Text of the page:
Suppose that you have the opportunity to examine the balls and their numbers in all the urns before deciding upon your choice of urn. How would you use that opportunity? A useful answer to this question would have to take some account of the length of time available for your examination. Here we will adopt the view that time is available for any extensive analysis that you would care to make.
We will present three different but related techniques for choosing among urns. In order to decide when and for whom these techniques are appropriate, we shall discuss various behavioral assumptions that underlie each of these techniques. In mathematical parlance, we shall discuss necessary and sufficient behavioral assumptions that justify each of these techniques.
The papers in this volume are organized according to a few guiding principles.
The first dichotomy is between theory (20 papers) and application (8 papers).
Within the domain of theory we organized the papers into the following trichotomy:
(a) conceptions of choice (9 papers)
(b) beliefs and judgments about uncertainties (4 papers)
(c) values and utilities (7 papers)
Within each of these categories we arranged the papers according to the following sequence:
(a) decisions people make and how they decide
(b) logically consistent decision procedures and proposals of how people should decide
(c) behavioral objections to normative proposals
(d) how to help people to make better decisions in the light of behavioral realities and normative ideals
(e) how to train people to make better decisions, for example, by providing heuristics and, possibly, therapy
This sequence is motivated and elaborated in the overview paper by the editors (chapter 1).
In the application section, the papers are arranged by fields: economics, management, education, and medicine.
We, the organizers of this conference and its proceedings, in discussions among ourselves about our domain of concern – individual decision making under uncertainty – have found the following taxonomy helpful:
Decisions people make
How people decide
Logically consistent decision procedures
How people should decide
How to help people to make good decisions
How to train people to make better decisions
Observe that we have moved from the usual dichotomy (descriptive and normative) to a trichotomy by adding a “prescriptive” category.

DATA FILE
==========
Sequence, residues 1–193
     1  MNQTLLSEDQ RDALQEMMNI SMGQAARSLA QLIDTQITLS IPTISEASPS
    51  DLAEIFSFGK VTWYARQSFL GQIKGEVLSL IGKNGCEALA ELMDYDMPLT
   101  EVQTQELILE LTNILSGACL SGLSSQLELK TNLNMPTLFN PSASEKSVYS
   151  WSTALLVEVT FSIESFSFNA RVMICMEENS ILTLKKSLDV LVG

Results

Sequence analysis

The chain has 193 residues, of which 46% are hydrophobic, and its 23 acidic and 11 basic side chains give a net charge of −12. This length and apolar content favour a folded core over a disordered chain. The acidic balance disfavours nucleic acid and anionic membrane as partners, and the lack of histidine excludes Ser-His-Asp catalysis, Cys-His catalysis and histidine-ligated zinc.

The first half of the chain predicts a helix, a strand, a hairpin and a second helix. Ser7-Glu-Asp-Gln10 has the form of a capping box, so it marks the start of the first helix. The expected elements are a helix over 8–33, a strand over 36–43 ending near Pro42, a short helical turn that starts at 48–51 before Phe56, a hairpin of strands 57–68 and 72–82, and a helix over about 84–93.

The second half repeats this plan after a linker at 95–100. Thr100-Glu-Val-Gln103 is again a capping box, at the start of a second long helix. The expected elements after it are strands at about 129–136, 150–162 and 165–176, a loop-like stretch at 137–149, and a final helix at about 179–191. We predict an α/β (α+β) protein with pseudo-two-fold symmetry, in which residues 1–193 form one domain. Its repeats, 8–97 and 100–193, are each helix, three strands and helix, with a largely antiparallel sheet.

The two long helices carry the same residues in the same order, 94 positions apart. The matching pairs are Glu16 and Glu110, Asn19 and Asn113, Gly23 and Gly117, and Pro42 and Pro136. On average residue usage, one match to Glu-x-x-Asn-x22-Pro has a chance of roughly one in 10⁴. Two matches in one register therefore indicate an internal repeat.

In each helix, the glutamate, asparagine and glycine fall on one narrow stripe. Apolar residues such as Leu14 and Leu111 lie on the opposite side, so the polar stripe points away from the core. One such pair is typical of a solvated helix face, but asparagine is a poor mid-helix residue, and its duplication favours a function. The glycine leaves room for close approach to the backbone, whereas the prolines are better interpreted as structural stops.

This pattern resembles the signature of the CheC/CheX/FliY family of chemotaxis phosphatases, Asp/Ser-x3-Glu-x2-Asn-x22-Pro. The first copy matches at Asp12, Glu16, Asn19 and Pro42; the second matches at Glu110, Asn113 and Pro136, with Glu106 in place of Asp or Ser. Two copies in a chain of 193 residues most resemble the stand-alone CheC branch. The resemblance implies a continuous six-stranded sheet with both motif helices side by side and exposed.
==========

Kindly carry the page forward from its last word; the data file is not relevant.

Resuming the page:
We examine the connection between, and distinction between, decreasing marginal value (whatever that may mean) and risk aversion (from Pratt, 1964). When a decision maker (DM henceforth) declares indifference between $1,500 for certain and a 50–50 lottery with payoffs $0 and $5,000, the DM may have two concerns: (1) a feeling that going from $0 to $2,500 is “worth far more” than going from $2,500 to $5,000, and (2) being “nervous” about the uncertainty in the gamble. We will call the first concern “strength of preference” and the second concern “intrinsic risk aversion.” How much of the $1,000 difference between the arithmetical average of the gamble payoffs and the certainty equivalent is due to each of these concerns? Apart from a natural curiosity about such things we have other motivations:
(a) Many utility-assessment procedures currently rely heavily on answers to questions about gambles (e.g., Keeney and Raiffa, 1976); but decision makers are often uncomfortable with making choices among risky alternatives. Can alternative procedures that do not rely heavily on gambling questions be used justifiably?
(b) Many value-assessment procedures rely exclusively on strength-of-preference protocols (e.g., by comparing increments of gain or loss) and never confront subjects with risky choices. But some of these studies are then used to guide risky-choice options. […]
Let R be an arbitrary near-ring and define the multiplicative centre Z(R) by
In previous papers (2,3,5) we have established additive or multiplicative commutativity for various near-rings R in which selected elements were restricted to lie in Z(R); the near-rings involved were usually distributively-generated (d-g) and were frequently assumed to have a multiplicative identity element as well.